Tuesday, January 31, 2012

A quick look at Haskell records

While reading the Parsec documentation I learned about a nice technique used to create language definitions. For example:
idSymbol = oneOf ":!$%&*+/<=>?@\\^|-~"

schemeLanguageDef :: LanguageDef st
schemeLanguageDef = emptyDef { 
                   commentLine = ";;"
                   , identStart = letter <|> idSymbol
                   , identLetter = alphaNum <|> idSymbol
                   , opStart = parserZero
                   , opLetter = parserZero

In this case we are creating a small language definition based on emptyDef. We're saying that we want all what emptyDef has but changing the values of commentLine, identStart, identLetter, opStart and opLetter.

The Text.Parsec.Language package contains several predefined language definitions which you can use to create yours. Some of these definitions are based on each other, for example the haskell98Def and haskellStyle. This is accomplished using Haskell record syntax for defining data types.

Records in Haskell allow the creation of abstract data type definitions that contain named fields . For example, here's a small definition of a data type to store the information of an editor color theme:
data Theme = ColorTheme {
                     keywordsColor :: Color,
                     backgroundColor :: Color,
                     fontSize :: Int,
                     operatorsColor :: Color,
                     literalsColor :: Color
        deriving Show
An instance of this record can be created as follows:
   baseTheme = ColorTheme { keywordsColor = Black,
                            backgroundColor = White,
                            fontSize = 10,
                            operatorsColor = Black,
                            literalsColor = Black }

One nice feature of Haskell records is that it allows the creation of a new record instance based on a existing one. Back to our artificial example, say that we want to create a dark theme which is the same as the base but with colors inverted.
   darkTheme = baseTheme {
                           keywordsColor = White,
                           backgroundColor = Black,
                           operatorsColor = White,
                           literalsColor = White
Here we're saying that we want a copy of baseTheme with keywordsColor, backgroundColor, operatorsColor and literalsColor changed to another value.

Pattern matching can be used to extract parts of the record. For example, say that we want to define a function to increase the current font size of a theme:
  increaseFontSize :: Int -> Theme -> Theme
  increaseFontSize amount theme@ColorTheme { fontSize = currentFontSize} =
        theme { fontSize = currentFontSize + amount } 

We can use this definition :

*Tests> increaseFontSize 5 baseTheme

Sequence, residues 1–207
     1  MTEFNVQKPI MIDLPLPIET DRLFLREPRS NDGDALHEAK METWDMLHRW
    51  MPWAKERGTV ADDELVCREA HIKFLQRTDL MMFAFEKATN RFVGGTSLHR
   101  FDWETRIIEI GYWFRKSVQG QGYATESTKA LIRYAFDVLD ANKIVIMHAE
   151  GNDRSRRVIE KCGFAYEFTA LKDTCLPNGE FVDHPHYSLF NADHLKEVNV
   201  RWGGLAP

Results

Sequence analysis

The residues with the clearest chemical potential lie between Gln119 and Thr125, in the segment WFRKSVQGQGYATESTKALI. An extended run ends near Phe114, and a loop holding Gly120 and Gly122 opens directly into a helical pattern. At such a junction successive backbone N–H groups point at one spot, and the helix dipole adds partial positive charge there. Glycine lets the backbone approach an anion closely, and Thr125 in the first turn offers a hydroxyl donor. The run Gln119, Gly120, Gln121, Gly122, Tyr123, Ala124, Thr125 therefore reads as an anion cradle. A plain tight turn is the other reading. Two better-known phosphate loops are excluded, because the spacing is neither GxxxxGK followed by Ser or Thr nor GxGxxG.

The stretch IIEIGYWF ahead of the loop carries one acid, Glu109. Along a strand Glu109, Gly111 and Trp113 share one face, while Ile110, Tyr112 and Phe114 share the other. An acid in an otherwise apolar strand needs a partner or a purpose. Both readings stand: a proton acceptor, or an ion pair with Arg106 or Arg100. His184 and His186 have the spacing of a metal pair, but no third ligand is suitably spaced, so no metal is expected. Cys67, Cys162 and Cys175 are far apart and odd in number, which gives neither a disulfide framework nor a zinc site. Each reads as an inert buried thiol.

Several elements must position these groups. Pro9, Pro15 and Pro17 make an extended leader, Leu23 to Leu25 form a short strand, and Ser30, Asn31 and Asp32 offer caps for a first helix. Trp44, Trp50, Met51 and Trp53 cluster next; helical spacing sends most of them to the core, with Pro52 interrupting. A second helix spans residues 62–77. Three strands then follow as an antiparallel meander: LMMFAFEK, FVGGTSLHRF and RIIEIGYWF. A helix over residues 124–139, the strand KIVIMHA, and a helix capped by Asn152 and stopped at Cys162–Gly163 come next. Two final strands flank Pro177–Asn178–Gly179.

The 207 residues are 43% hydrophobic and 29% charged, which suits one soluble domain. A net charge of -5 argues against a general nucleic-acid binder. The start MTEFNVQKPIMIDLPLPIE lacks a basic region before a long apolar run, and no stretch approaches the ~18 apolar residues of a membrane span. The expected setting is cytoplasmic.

ColorTheme {keywordsColor = Black, backgroundColor = White, fontSize = 15, operatorsColor = Black, literalsColor = Black}
Also accesor functions are defined for each part of the record. For example:
*Tests> backgroundColor baseTheme

For future posts I'm going to explore similar features that exist in other programming languages.

Monday, January 23, 2012

Creating a small parser using Parsec

In this post I'm going to show a small parser for a Scheme-like language written in Haskell using the Parsec parsing combinator library.

We're going to start by defining an AST for Scheme-like expressions:

data Expr = ScSymbol String
            | ScString String
            | ScNumber Integer
            | ScDouble Double 
            | ScCons Expr Expr
            | ScNil
            | ScBool Bool
            | ScQuote Expr
     deriving Show

For this experiment I'm going to use the Text.Parsec.Token and Text.Parsec.Language packages which have useful functions for creating language parsers.

idSymbol = oneOf ":!$%&*+/<=>?@\\^|-~"

schemeLanguageDef :: LanguageDef st
schemeLanguageDef = emptyDef { 
                   commentLine = ";;"
                   , identStart = letter <|> idSymbol
                   , identLetter = alphaNum <|> idSymbol
                   , opStart = parserZero
                   , opLetter = parserZero

schemeTokenParser = makeTokenParser schemeLanguageDef

TokenParser {
   identifier = idParser,
   reservedOp = opParser,
   stringLiteral = stringLiteralParser,
   parens = parParser,
   lexeme = lexParser,
   naturalOrFloat = naturalOrFloatParser
} = schemeTokenParser

Given these definitions we get parsers for identifiers, numbers, string literals "for free".

Boolean literals are parsed using the following parser:

boolLiteral = lexParser (
                   char '#'
                   val <- (char 't') <|> (char 'f')
                   return $ ScBool $ val == 't'

Basic quotations are parsed as follows:

quoteParser = lexParser (
                char '\''
                val <- expressionParser
                return $ ScQuote val

Atomic expressions are parsed as follows: